Worst Best Picture Archives: Crash | Terms of Endearment | Forrest Gump | All About Eve | The Apartment | No Country for Old Men | Gentleman’s Agreement | 12 Years a SlaveThe Last Emperor | The Silence of the Lambs | The Artist | A Man for All Seasons | Platoon | The Lord of the Rings: The Return of the King | The King’s Speech | Rain Man | The Departed | The Bridge on the River Kwai | Marty | Gigi | It Happened One Night | Driving Miss Daisy | Shakespeare in Love | Wings | Midnight Cowboy | Rocky | Gone with the Wind | Chicago | Gladiator | Cavalcade | The Greatest Show on Earth | You Can’t Take It With You | The Best Years of Our Lives | The GodfatherCasablancaGrand Hotel | Kramer vs. Kramer | The French Connection | In the Heat of the Night | An American in Paris | Patton | Mrs. Miniver | Amadeus | Crash, Revisited | How Green Was My Valley | American Beauty | West Side Story | The Sting | Tom Jones | Dances with Wolves | Going My Way | The Hurt Locker | The Life of Emile Zola | Slumdog Millionaire | The Deer Hunter | Around the World in 80 Days  | Chariots of Fire | Mutiny on the Bounty | Argo | From Here to Eternity | Ordinary People | The Lost Weekend | All the King’s Men | Rebecca | A Beautiful Mind | Titanic | The Broadway  Melody | The Sound of Music | On the Waterfront | Unforgiven | Million Dollar Baby | My Fair Lady | HamletBraveheart | Oliver! | The English Patient | Lawrence of Arabia | Cimarron | One Flew Over the Cuckoo’s Nest | All Quiet on the Western Front | The Great Ziegfeld | Out of Africa

Alex Russell lives in Chicago and is set in his ways. Disagree with him about anything at readingatrecess@gmail.com or on Twitter at @alexbad.

Advertisements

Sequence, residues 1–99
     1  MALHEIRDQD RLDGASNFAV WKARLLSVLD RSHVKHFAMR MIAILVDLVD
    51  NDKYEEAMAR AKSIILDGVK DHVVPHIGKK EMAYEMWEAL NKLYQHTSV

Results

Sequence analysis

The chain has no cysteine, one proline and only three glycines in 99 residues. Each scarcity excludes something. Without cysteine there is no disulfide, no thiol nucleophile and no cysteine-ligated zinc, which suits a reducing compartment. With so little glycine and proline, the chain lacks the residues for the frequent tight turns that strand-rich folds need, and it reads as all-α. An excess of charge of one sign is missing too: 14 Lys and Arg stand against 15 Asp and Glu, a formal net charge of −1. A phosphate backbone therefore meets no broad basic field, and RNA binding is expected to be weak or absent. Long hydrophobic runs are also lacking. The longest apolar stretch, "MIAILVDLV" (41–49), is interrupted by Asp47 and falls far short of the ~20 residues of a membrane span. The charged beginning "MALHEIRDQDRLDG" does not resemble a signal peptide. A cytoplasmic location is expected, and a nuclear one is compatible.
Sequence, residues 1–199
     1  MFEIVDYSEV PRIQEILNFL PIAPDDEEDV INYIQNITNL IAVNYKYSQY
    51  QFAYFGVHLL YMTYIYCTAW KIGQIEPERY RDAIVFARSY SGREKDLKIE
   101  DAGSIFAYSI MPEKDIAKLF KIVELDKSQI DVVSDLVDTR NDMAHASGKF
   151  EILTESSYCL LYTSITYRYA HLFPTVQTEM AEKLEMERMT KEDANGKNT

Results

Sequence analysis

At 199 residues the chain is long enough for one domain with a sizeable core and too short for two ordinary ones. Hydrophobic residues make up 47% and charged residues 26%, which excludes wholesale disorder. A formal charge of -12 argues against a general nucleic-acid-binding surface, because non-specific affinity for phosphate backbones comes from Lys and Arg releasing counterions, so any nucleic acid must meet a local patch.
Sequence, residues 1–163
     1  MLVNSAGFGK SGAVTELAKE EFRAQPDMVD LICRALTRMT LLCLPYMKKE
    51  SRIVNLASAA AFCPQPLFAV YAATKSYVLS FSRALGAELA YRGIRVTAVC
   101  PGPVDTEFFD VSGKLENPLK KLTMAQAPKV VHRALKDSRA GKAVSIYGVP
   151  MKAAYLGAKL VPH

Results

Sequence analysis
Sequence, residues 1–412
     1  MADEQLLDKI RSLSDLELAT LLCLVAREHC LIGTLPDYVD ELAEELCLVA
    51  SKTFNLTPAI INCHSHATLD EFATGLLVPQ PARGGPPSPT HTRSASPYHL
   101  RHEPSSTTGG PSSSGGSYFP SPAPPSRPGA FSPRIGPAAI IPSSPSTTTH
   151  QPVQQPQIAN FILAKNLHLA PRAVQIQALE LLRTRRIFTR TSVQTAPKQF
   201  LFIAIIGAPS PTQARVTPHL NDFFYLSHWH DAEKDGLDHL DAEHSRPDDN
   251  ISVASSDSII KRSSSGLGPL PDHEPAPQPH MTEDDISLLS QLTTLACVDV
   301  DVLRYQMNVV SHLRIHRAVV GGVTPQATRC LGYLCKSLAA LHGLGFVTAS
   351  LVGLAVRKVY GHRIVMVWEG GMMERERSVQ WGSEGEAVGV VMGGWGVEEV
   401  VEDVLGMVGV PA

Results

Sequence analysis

Worst Best Picture: Is Kramer vs. Kramer Better or Worse Than Crash?

kramer vs. kramer

Alex Russell

In “Worst Best Picture” we search every single Best Picture Oscar winner of all time from 1927 to present to uncover the worst of them all. Conventional wisdom says that 2005’s winner Crash is the worst winner in history. We won’t stop until we’ve tested every last one. Read the the first, our review of Crash, here. Posts will be relatively spoiler free, but there may be some details revealed. Today’s installment is the 1979 winner Kramer vs. Kramer. Is it better than Crash?

My parents saw Kramer vs. Kramer on one of their first dates. My parents, both relatively recently divorced at the time, weren’t really in the right place to watch it. It’s also not really a great “date movie” on account of it being a movie about a divorce and a custody battle.

It’s been a long-running joke in my family that Kramer vs. Kramer was the last movie my mom got to pick out while they dated. It’s easy to see why: this is a damn brutal movie. I have no children and I haven’t been divorced and it hit me like a truck carrying another truck. If you’ve got some deeper connections to the themes, well, prepare yourself.

Within the first ten minutes, Joanna (Meryl Streep) leaves Ted (Dustin Hoffman). We aren’t given a lot of insight into exactly what’s wrong, but it’s clear that Joanna is unhappy, and she’s apparently unhappy enough to leave their son Billy (Justin Henry) behind, as well. Ted has to learn to balance a demanding job and a single parent household, and Billy has to learn to forgive his dad without really having any explanation for why his mom left. It’s hard stuff, but mom left completely, so everyone involved has to learn to start over.

Meryl Streep is out of the movie for a solid hour. It’s entirely about Ted and Billy bonding, and the mix of heartfelt moments and tough moments is effective. Billy wants his mom back, sure, but if all he has is dad then he’s going to make the best of it. Ted’s worn out and frustrated — one scene involves him making a drink and staring at a wall for a brief moment — but he’s proud of himself for being able to take over parenthood alone.